Multiple sources tell Sporting News the Los Angeles Clippers are making a push to acquire center Kevin Garnett from the Boston Celtics. Team officials have been talking ahead of Sunday's game in Boston.
The crux of an offer for Garnett, according to sources, would be based around second-year guard Eric Bledsoe and veteran wing Caron Butler.
If Rajon Rondo's season-ending knee injury didn't spell the official end of the Big Three Era in Boston, trading Garnett most certainly would. KG is the heart, soul and mind of the Celtics, and losing him would end a significant chapter in the franchise's storied history.
But it would also start a new chapter in the Clippers' not-so-storied history. Because even though Garnett's skills are slowly waning, he's still capable of pushing Los Angeles over the proverbial edge.
Check out the less-than-expected regression of his PER over the past four seasons:
That his numbers still resemble his recent greatness is one thing, but Garnett's dominance extends far past the box score. Not dissimilar to the way Ray Lewis' return galvanized the Baltimore Ravens, Kevin Garnett is capable of motivating any professional locker room. He's a vocal leader who, even if he can't actually defend quite like he used to, can teach his teammates to defend as such.
The argument against acquiring Garnett, ostensibly, would be centered around having to trade promising point guard Eric Bledsoe. No one (at least I assume no one) would argue that Bledsoe is more valuable than Garnett this season. But losing Bledsoe—whose upside is that of a perennial All-Star—might make any victory the Clippers win this season a Pyrrhic one.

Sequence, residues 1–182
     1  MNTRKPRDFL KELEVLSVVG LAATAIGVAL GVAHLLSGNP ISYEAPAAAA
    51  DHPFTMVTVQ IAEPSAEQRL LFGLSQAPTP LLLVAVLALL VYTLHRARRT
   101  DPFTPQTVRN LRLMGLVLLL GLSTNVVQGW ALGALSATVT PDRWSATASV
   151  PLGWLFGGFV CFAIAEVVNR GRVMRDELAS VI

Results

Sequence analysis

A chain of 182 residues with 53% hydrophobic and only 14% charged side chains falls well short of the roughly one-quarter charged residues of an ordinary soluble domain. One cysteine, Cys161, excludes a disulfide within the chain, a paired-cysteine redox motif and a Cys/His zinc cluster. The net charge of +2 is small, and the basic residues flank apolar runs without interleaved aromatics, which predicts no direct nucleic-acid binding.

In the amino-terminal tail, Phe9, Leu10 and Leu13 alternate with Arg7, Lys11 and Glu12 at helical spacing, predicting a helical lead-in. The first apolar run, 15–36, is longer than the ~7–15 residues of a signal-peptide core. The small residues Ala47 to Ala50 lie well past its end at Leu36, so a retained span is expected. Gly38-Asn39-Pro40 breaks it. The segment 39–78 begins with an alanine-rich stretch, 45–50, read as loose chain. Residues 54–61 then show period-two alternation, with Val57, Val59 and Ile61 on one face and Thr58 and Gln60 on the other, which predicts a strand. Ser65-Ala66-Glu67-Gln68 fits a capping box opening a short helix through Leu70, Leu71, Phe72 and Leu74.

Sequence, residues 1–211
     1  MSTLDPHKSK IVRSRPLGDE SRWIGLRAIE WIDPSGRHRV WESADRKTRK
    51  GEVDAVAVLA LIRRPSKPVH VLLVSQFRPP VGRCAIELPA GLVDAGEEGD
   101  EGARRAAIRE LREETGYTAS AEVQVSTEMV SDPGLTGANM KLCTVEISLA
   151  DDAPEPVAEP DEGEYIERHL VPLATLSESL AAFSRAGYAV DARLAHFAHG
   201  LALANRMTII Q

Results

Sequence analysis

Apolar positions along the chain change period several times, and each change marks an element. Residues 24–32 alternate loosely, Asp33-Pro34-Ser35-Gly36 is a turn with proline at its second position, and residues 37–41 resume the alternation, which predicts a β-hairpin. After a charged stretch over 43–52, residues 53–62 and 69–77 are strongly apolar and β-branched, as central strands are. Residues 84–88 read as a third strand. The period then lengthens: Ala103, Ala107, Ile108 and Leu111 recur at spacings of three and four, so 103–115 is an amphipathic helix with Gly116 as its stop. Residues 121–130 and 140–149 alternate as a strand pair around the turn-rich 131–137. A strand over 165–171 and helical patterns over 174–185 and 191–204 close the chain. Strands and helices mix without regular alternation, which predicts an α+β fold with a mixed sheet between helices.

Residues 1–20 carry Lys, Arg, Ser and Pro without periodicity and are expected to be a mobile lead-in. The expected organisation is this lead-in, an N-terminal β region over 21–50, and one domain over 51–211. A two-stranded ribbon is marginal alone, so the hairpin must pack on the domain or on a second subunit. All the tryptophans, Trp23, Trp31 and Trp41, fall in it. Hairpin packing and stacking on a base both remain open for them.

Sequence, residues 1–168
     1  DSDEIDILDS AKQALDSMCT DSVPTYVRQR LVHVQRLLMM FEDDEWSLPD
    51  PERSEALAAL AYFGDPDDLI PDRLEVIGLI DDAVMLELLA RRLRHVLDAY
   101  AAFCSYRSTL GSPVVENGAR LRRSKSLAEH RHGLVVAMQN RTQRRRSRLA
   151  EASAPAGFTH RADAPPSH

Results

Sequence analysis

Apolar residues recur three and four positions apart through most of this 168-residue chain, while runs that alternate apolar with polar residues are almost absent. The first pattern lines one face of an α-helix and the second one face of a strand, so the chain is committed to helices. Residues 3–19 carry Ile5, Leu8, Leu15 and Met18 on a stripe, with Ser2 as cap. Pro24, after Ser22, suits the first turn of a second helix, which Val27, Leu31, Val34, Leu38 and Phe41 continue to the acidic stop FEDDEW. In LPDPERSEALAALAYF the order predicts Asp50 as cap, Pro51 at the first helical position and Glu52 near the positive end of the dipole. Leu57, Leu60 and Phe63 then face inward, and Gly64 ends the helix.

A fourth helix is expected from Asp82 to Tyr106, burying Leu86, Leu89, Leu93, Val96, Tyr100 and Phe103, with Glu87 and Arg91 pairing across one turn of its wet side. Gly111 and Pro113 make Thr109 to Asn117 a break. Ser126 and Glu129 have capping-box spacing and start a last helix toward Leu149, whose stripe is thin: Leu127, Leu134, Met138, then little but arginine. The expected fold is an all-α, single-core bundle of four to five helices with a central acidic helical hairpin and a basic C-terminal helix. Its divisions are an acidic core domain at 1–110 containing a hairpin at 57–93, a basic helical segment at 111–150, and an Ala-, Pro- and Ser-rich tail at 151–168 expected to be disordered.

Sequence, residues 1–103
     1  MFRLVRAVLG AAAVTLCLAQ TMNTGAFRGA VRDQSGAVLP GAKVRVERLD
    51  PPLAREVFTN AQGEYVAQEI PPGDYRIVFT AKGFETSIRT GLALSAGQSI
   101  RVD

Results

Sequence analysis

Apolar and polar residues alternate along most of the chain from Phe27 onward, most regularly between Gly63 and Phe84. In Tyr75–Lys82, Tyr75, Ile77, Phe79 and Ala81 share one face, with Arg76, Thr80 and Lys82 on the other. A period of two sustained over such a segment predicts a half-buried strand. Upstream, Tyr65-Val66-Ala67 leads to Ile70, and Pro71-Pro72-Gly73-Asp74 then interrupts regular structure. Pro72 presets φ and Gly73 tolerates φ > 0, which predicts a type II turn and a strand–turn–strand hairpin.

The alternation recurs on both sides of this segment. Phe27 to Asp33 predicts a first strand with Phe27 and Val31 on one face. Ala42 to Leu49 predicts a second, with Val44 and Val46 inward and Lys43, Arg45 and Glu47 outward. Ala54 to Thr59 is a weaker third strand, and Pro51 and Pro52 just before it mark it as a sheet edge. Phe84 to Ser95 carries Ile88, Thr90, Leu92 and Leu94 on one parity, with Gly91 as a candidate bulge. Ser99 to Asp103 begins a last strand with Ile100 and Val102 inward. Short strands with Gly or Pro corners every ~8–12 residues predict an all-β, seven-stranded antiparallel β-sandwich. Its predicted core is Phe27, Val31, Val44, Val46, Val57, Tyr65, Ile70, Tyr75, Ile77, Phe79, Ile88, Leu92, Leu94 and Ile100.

But that argument is (at least a little bit) flawed. The window for serious contention is so small in the NBA, and the Clippers are fully in that position. Even without Garnett in the fold, and even on the heels of poor recent play, the Clippers are 34-15 this season—third in the hyper-competitive Western Conference, and just four games behind the Oklahoma City Thunder.
But the way Kevin Garnett would bolster their defense could make them unbeatable. Already the Clippers allow just 93.6 points per game—imagine how low that number could fall with Garnett roaming the paint.
More importantly than that, though, would be the way Garnett would shape young players like Blake Griffin and DeAndre Jordan. KG has a reputation for being the best big-man mentor in basketball—a reputation he did well to deserve. He made Kendrick Perkins a sought-after commodity, for God's sake, and that's really saying something.
A guy like DeAndre Jordan doesn't make a defensive impact because of his fundamentals—he does so in spite of it. His athleticism allows him to protect the rim, but he doesn't know the nuance of rotations, footwork, etc. But under Garnett's tutelage, he could develop into one of the best defenders in basketball.
That sort of improvement serves to counteract Bledsoe's (assumed) departure. Even when Garnett is long-since-retired—violently cursing out waiters for forgetting to take off the pickles—Jordan and Griffin will always be better for having played with him. They'd be losing a potential starting point guard, but they'd be adding two potential all-defensive forces in the middle. And that's on top of what his tangible presence would do for them in the next year or two.
It's hard to condone—nay, suggest—trading a promising young prospect for an aging big man with withered knees. But in this rare case, the Los Angeles Clippers would be wise to do so. Kevin Garnett is not your average 36-year-old, and with him in the equation, the Clips would not be your average third-seed opponent.